So, the only question asked about NFP is: Are we allowed to know when we are fertile?

The Church consistently says that knowledge is good provided it is knowledge of the truth. Ignorance is not a virtue.

So, couples are allowed to know when they are fertile and when they do, this knowledge will inevitably affect their decisions to abstain.

The Church also says that with this knowledge comes the resposibility to use it wisely and for God's purposes, not our own. This is why the Church teaches that to use this knowledge to avoid God's will is sinful.

However, since the Church does not tell married couples exactly how many children to have or how often to have sex, it is up to each individual couple to use their knowledge wisely, putting God's will ahead of theirs.

This is what "NFP" is. You have the cockeyed notion that "NFP" is about "Catholic birth control" and avoiding children. It's so unfair that you think that, because the Catholics who *do* use NFP in that way **LEARNED SUCH BEHAVIOR FROM PROTESTANTS**.

Your church and its allies have RUINED Western culture on this point. The Catholics are choking on the stench of what the Protestants have wrought. I don't judge Catholics too harshly for not being as open to children as they should be when Lutheran and Prebyterian women snicker at them in the grocery store for having more than two. I don't judge Catholic men who have vasectomies as harshly as I do the Methodist doctors who push them into it. Catholics didn't learn this behavior from their Pope, they were infected with it by Protesters who left the barque of Peter and are now sliding into a moral cesspool. You are trying to drag us with you, but we are resisting mightily, led by our Popes.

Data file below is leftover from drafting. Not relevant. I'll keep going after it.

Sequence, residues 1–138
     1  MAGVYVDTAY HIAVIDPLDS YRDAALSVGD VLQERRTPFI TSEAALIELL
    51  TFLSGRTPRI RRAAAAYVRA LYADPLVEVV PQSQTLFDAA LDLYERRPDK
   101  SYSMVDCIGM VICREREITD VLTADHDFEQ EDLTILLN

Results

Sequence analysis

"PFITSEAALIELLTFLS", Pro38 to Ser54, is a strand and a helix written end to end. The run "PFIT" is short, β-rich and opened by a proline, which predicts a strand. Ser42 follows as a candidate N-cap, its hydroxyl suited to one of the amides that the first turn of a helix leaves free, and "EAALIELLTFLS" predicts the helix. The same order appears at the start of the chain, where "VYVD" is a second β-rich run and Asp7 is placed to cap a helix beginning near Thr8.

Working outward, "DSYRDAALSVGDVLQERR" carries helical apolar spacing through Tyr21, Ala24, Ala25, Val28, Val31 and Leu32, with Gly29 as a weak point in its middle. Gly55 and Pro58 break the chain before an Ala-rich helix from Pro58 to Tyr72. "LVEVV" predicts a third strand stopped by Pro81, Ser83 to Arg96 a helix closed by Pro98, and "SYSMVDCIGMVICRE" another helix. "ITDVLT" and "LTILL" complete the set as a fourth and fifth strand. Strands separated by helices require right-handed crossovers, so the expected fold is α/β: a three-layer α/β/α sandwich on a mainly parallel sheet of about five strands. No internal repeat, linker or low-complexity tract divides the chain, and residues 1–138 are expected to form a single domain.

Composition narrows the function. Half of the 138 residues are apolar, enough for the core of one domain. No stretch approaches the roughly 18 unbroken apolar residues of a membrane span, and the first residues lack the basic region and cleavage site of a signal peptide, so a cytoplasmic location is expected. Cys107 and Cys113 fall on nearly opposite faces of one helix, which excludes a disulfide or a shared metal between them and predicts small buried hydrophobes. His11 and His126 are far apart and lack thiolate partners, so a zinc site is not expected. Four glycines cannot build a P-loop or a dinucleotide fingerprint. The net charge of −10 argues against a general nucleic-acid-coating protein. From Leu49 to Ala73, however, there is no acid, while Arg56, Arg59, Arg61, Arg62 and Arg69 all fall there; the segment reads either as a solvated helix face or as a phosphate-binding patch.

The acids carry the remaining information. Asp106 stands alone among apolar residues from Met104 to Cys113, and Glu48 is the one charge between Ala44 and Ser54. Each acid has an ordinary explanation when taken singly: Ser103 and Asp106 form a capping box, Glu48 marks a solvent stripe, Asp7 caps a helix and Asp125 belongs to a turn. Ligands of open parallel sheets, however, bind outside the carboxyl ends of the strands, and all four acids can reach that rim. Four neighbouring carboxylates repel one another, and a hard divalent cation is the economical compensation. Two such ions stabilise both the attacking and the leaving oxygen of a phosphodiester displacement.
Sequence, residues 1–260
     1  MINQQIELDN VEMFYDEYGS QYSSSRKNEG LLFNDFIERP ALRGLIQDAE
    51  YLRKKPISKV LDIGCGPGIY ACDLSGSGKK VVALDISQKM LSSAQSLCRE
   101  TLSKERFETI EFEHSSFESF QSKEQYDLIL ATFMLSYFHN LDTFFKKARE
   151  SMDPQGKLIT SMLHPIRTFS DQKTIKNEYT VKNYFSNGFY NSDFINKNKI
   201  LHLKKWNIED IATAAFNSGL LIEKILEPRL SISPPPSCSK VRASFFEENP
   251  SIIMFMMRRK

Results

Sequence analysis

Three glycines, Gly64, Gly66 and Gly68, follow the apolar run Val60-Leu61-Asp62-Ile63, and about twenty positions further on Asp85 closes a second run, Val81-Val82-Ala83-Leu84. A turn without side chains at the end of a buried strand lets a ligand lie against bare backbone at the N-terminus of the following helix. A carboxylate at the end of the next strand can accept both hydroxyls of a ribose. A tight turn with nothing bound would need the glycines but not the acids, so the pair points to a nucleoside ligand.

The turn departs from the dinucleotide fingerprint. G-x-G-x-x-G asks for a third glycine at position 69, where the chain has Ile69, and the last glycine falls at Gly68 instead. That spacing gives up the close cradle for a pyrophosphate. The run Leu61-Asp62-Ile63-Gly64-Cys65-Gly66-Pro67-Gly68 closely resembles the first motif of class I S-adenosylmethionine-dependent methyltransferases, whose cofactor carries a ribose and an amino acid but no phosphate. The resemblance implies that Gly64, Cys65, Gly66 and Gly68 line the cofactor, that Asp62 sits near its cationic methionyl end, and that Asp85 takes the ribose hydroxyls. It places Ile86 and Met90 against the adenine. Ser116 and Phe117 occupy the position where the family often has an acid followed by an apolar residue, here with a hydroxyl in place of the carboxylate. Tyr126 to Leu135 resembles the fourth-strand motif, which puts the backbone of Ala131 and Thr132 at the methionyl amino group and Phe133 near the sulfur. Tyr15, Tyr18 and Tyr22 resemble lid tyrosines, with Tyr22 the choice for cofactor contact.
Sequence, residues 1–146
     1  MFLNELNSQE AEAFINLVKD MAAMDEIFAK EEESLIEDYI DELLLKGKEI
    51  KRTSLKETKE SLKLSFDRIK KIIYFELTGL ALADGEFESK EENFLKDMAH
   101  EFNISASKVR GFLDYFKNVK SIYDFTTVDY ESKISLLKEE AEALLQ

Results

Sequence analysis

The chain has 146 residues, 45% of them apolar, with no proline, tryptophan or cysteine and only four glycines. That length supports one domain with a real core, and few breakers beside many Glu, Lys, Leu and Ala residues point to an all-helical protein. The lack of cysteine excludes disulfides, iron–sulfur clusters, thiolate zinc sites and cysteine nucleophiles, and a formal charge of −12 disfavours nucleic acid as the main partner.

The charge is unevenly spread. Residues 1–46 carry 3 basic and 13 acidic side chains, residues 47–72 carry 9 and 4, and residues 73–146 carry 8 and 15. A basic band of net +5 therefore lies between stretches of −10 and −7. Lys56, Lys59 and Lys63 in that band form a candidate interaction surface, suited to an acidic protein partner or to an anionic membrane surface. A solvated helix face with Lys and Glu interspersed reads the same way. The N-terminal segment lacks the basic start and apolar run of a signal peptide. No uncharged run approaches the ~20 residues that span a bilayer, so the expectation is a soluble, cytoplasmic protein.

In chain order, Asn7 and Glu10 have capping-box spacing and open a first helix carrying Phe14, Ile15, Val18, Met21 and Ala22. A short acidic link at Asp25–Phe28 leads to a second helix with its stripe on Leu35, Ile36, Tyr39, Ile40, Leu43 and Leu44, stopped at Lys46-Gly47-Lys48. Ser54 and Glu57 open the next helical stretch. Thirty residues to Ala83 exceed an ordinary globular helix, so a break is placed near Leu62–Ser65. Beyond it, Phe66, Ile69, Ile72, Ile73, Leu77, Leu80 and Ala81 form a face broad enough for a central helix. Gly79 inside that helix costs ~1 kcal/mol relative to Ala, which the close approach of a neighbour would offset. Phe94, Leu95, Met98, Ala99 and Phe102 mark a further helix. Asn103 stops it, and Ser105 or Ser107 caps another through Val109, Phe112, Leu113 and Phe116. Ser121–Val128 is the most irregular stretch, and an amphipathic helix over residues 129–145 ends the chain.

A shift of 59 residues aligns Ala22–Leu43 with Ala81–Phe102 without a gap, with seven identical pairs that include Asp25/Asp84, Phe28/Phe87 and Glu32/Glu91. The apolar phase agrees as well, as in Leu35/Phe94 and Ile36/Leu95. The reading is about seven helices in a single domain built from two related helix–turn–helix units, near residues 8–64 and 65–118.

In short, you are coming here, blaming US for YOUR DOING. You are criticizing Catholics for inconsistencies they learned from Heretics and Apostates.

Repent of this. Confess your sins and reconcile with the Church. Lent is nearing its end, so this is a perfect time. Spend Easter morning in the Church founded by Christ Himself - the one Church with the guts to tell you that contraception is wrong. And quit blaming bad habits which Catholics learned from the Protestants on the Catholics themselves.

It is beyond me how you can sit back calmly and judge Catholics for their inconsistencies when you BELONG to the group persecuting them and causing them to stumble.


A Perfect World